For over three years, the Breathe Clean Air Group has been campaigning against Peel Holdings' plans for an incinerator in Davyhulme, just over the water from Salford. If it goes ahead, residents living near Eccles are right in the front line of the incinerator's emissions (see here).
Salford Council has opposed the incinerator on health grounds and so has Trafford Council. Indeed, today (Monday 10th February) and tomorrow (Tuesday 11th February) the High Court in Manchester is hearing Trafford Council's appeal against Eric Pickles' decision to allow Peel Holdings' incinerator to be built, after a Public Inquiry also ruled in Peel's favour.
Indeed, the Breathe Clean Air Group, which represents residents in Trafford and Salford, is claiming that the whole process so far has been biased in favour of Peel.
For instance, the Environment Agency granted the incinerator an Environmental Permit just two weeks before the Public Inquiry in November 2012, which may have prejudiced the Inspector's decision in favour of the plant.
Over the last three years the Breathe Clean Air Group has amassed a huge amount of evidence against the incinerator, ranging from flawed estimates of toxic nitrogen oxide emissions, to breaches of European Urban Air directives. But all along, the Environment Agency, the Inspector and Tory Minister Eric Pickles have found in favour of the plant.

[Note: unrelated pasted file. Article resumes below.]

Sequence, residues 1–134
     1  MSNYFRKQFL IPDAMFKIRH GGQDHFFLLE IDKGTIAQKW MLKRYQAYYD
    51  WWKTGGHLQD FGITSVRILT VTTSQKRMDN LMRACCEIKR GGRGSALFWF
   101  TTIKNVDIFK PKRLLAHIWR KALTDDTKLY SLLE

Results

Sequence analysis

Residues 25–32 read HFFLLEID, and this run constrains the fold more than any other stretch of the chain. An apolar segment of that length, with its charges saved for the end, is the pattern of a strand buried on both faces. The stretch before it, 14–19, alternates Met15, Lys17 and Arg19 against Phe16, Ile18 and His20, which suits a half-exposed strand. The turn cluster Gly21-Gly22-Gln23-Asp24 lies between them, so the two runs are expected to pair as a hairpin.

"This flies in the face of common sense" says Pete Kilvert, Chairman of the Breathe Clean Air Group "The proposed incinerator is to be located in a densely populated area, next to an Air Quality Management Area and will not use Best Available Technology.
"The incinerator will not burn at a high enough temperature to destroy deadly dioxins; will produce masses of tiny particulates which won't be captured by the out-dated bag-filtration system; and will be dispersed up a chimney stack that is only half the height it should be" he adds "The additional traffic will cause fumes and congestion; the plant's monstrous forty metre high buildings will be a blot on the landscape; and the vitality and future of Urmston will be affected."
The hearing at Manchester's High Court over the next few days will decide the fate of Peel Holdings' Barton Incinerator once and for all. This really is the last legal chance to stop the thing.
For a full background see previous Salford Star article and follow the links – click here